About 30 people planning to attend the tropical medicine conference in New Orleans this week heeded the request of the state Department of Health and Hospitals to stay home over concerns about Ebola.
DHH sent a message to the more than 3,500 people last week who were expected to attend the American Society of Tropical Medicine and Hygiene conference. In the message, DHH asked that people not attend the conference if they had been to a West African country experiencing Ebola in the last three weeks.
Dr. Alan Magill, president of the American Society of Tropical Medicine and Hygiene, said Wednesday the 30 people who stayed away included a member of the World Health Organization. He said the conference lost the opportunity to hear and interact with professionals who have recent, firsthand knowledge of the situation in West Africa by the travel restriction.
Asked if the conference organizers would decide to hold future conferences in the state, Magill said initial reactions have been an emotional “No.”
However, given the timing of the state request, at a time when there was ongoing discussion about a medical provider in New York, Magill said there were many other states that would have reacted the same way as Louisiana.
“The city of New Orleans is always a great place to be. The people are warm and inviting,” he said.
Magill said a decision on the site of future conferences will be made in the coming months.
Dr. Jimmy Guidry, state health officer of Louisiana, said DHH staffed a table at the conference for several days handing out information including a toll-free number people could call if they started to have suspected symptoms of Ebola.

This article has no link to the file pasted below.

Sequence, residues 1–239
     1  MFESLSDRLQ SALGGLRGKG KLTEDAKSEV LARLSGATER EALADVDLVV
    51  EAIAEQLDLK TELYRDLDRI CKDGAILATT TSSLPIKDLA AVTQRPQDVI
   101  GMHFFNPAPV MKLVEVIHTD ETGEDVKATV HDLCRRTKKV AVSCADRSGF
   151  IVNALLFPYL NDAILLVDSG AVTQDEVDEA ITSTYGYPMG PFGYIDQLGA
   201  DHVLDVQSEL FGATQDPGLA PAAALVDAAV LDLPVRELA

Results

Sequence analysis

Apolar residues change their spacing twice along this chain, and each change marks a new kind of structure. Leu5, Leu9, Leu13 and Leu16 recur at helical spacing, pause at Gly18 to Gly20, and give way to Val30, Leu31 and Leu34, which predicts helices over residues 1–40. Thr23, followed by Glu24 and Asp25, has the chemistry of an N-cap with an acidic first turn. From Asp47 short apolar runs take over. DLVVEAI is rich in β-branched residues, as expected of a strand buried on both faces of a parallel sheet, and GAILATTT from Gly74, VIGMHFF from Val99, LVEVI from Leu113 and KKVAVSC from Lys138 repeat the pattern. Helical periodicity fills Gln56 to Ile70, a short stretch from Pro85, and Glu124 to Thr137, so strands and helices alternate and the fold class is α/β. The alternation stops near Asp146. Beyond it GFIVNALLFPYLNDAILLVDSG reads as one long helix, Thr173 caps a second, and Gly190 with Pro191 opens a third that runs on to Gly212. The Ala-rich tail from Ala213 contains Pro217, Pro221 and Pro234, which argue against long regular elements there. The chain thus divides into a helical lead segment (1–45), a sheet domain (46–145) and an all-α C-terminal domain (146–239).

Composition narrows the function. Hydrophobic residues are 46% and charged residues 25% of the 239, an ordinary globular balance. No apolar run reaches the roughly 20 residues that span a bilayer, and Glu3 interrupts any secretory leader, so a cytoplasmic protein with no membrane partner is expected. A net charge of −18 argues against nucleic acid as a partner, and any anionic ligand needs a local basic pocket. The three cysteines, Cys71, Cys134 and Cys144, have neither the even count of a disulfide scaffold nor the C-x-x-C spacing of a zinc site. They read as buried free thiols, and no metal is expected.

“We feel that most people who were at any risk didn’t attend. They took the letter pretty seriously,” Guidry said Wednesday.
Although it’s true that being able to share firsthand knowledge of the West African outbreak is important, Guidry said, there are many other ways that information can be shared — such as video feeds, emails and more. He said the state offered technological help if it was needed to facilitate the discussion, but the state felt it was important that the participants not attend.
“Imagine if they started getting symptoms, they’d be sharing more than knowledge,” Guidry said.
Although the decision has come under criticism because people aren’t contagious until symptoms appear, Guidry said, the state also has to consider the general public’s concerns.
In general, it’s a balancing act because the public trusts the state is doing everything it can to keep the community safe.
Also Wednesday, Magill and others also talked about current research into Ebola vaccines and treatments. Although both are at very early stages of development right now, the work is taking place at a quicker pace than usual, said Luciano Borio, lead for the Ebola response for the U.S. Food and Drug Administration.
Follow Amy Wold on Twitter @awold10.